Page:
The idea of propelling a 1700kg plus Commodore with a teenie weenie 3.0-litre V6 engine sounds absurd, especially when it doesn't have a turbo or supercharger to help.
But before you howl in protest and suggest driving this car would be as enjoyable as having your face eaten by a swarm of hungry rats, consider that it uses some fairly flash technology called direct injection.
Instead of injecting petrol into a pre-combustion area, this system shoots it straight into the combustion chamber for more bang per squirt. If you know any drug addicts, ask them about the benefits of direct injection before they die of something.
The result of this mechanical trickery is a 3.0-litre V6 that manages a remarkable 190kW, although the torque is not all that great at 290Nm.
There is also the benefit of improved fuel consumption with an official figure of 9.3 litres per 100km, making it most efficient large Australian six-cylinder (it uses 600ml per 100km less than the Ford Falcon and Toyota Aurion).
The small V6 is available for the Omega and Berlina sedans and wagons, while the more premium models get a 3.6-litre V6 which also uses direct injection. Both are made right here in Australia, mate.
The 3.6 now generates an impressive 210kW, which means Commodore owners will be able to chortle at Ford Falcon six-cylinder owners who make do with 195kW, unless they have an XR6 Turbo.
Holden fans should be aware there is more power to come from this engine given it generates 227kW in the Cadillac CTS, so standby for future updates.
The bigger engine's torque rating is 350Nm, which not as much as the Falcon with 391Nm, but it is better than it was.
Both engines are now available with a six-speed automatic transmission, which replaces the four-speed clunker that was about as refined as the Festival of Farts.
Holden has also made some other changes to push the fuel consumption down as far as possible including fitting low-rolling resistance tyres, pumping them up, fiddling with the alternator so it only comes on sometimes and shutting off the engine's fuel and spark when it goes down hills.
At this point Holden ran out of money. It cut back on the Assorted Creams for the staff room but still didn't have enough to make any cosmetic changes to the Commodore, inside or out.
The first thing you notice when you get into one is how dated the interior looks. The radio display has resolution so chunky I had Commodore C64 flashbacks (that's an old-school computer from the 1980s you young punks) and the info screen in the instrument cluster is no better. The Omega feels generally cheap and I swear the door lining is some form of hessian, but I also drove an SV6 which is better thanks to its optional leather trim.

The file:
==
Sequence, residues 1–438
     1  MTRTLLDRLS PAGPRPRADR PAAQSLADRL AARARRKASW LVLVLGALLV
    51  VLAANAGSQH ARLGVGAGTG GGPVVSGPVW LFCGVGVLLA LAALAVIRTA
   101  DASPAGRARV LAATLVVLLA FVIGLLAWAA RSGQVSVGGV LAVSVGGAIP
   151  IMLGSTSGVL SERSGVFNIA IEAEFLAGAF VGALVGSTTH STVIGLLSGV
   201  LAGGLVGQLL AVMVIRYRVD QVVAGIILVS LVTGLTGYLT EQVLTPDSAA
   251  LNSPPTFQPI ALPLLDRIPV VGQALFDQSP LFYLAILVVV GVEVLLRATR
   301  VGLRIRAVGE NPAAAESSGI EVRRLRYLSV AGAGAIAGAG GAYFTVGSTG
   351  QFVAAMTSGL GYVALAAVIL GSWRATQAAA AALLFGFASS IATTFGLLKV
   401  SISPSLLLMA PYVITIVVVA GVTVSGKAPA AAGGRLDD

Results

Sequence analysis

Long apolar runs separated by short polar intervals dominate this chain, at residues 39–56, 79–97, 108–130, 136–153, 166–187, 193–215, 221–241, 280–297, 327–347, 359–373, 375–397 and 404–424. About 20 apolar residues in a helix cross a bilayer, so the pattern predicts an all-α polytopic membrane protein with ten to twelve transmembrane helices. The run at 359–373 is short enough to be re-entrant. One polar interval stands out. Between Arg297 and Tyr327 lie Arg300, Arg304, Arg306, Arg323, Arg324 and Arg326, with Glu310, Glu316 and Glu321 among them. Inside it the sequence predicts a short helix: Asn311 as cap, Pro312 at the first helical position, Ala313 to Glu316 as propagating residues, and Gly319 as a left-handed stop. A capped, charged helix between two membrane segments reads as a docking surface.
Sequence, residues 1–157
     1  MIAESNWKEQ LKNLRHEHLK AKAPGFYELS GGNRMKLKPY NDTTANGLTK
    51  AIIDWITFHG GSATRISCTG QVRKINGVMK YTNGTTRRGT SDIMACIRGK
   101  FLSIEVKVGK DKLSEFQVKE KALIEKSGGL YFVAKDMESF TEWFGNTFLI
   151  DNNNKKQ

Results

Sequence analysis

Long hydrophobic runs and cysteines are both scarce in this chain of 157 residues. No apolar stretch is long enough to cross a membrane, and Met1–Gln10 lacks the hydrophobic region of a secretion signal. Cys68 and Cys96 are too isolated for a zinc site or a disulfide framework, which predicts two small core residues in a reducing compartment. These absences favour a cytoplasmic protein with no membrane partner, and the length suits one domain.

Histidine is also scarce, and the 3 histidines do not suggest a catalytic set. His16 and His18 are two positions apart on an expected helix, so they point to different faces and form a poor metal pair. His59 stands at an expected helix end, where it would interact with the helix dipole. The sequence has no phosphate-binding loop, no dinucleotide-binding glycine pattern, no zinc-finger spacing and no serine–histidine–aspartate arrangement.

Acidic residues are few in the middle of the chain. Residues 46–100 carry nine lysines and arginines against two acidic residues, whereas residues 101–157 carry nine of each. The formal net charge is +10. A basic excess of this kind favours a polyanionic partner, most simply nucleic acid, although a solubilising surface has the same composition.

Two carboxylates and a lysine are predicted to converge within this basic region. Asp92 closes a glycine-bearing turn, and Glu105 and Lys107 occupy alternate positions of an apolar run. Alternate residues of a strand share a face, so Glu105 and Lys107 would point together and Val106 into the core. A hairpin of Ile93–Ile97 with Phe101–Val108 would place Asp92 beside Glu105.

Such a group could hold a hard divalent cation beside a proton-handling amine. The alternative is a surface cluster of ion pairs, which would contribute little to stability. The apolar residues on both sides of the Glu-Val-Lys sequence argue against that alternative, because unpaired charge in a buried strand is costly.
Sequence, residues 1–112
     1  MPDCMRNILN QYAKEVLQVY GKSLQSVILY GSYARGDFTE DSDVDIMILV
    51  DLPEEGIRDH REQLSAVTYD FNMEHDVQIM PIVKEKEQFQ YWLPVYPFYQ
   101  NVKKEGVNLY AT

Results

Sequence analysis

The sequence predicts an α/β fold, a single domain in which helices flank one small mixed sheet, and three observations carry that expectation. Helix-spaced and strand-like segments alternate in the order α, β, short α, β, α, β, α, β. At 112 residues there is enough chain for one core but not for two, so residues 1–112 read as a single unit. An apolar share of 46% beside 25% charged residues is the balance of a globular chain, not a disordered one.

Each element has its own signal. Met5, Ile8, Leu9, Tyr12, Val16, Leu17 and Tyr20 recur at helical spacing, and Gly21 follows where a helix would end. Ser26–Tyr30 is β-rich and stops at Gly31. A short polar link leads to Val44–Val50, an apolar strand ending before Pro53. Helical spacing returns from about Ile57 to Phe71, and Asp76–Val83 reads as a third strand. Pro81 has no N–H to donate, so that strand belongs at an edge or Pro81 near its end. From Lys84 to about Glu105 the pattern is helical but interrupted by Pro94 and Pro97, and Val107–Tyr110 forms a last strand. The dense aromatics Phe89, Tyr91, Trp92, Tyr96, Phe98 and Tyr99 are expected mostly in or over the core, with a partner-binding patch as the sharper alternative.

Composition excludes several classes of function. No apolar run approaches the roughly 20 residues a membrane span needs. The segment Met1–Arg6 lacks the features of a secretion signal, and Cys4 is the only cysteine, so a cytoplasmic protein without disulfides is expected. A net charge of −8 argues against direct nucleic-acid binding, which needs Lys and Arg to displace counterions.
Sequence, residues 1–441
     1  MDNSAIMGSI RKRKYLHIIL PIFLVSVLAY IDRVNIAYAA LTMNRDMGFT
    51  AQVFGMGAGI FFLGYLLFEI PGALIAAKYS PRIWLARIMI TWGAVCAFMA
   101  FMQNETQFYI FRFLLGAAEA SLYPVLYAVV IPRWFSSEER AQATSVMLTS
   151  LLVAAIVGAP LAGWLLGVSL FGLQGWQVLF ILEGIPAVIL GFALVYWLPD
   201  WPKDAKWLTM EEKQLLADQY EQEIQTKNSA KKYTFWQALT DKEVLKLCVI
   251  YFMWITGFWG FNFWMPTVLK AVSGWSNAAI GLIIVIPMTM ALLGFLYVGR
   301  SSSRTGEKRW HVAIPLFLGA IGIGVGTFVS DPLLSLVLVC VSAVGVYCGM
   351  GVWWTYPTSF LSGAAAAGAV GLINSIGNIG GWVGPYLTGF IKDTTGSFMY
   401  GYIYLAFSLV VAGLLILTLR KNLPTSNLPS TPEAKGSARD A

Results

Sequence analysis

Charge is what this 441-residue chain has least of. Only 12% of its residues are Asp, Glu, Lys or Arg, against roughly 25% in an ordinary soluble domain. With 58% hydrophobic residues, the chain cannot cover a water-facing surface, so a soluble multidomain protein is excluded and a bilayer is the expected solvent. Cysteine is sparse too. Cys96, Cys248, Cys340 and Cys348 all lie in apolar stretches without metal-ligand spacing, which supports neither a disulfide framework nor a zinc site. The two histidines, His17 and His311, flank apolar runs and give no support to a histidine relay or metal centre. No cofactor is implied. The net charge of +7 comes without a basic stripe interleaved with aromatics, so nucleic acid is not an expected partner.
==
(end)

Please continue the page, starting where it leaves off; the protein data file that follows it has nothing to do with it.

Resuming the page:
Holden hasn't been able to address one of the biggest issues with the car, those huge A-pillars which block out a large section of your view. It is easy to lose sight of motorbikes, cyclists, nuns, endangered animals, when making a right turn.
Still, this update is about the engines and I can honestly say the Omega 3.0-litre drives a lot better than expected.
You do have to hit the accelerator with great enthusiasm to get things going and the Commodore does feel like a big, heavy, car, but it is adequate for people not too worried about performance.
There is a 2.8-litre engine available from GM in the US, but this would be a step too far methinks.
The automatic shifts nicely, but does have to work a lot to cater for the engine's lack of torque.
If you touch the throttle at highway speeds, it changes down a gear and it hunts around up hills, but it's still better than the old four-speed.
The engine is loud when revved hard, but has a sporty edge to it. It is quieter than the old one at highway speeds and at idle.
Its fuel consumption was impressive for a large car, coming in at 9.2 litres per 100km, although the test drive did include a fair amount of highway cruising.
The Omega rides better than it did when the VE was launched in 2006. Back then the rear suspension floated like a water bed when it met the slightest bump, but it has been tightened up.
The 3.0-litre engine will be the choice of stingy fleet managers, but most people will take the new 3.6-litre if they have a choice.
It's a far sweeter engine that the old one and feels stronger all the way through the rev range.
Our car was a manual and working through the gears is a lot of fun.
This engine sounds great down low, from around 1500rpm to 3500rpm, with a throaty pack-a-day grumble. Unfortunately, that sound is overwhelmed by thrashy engine noise when you wind it past 3800rpm.
It has more low speed pull than the previous engine, but you do need to wring its neck to unlock the serious performance. While it has more muscle, it doesn't really feel like a 210kW engine.
The fuel consumption figure was 11.9 litres per 100km at the end of the run, but it did include a lot of hard acceleration (all legal of course) and hardly any highway running.
Like the Omega, the SV6 is quieter inside than the last model. Its ride is firmer again, but still comfortable and handles as well as it did when the VE was launched...that's bloody good by the way.
The fact that the exterior hasn't changed isn't an issue with the SV6 because it has aged better than Kylie, although it doesn't look as good in hot pants.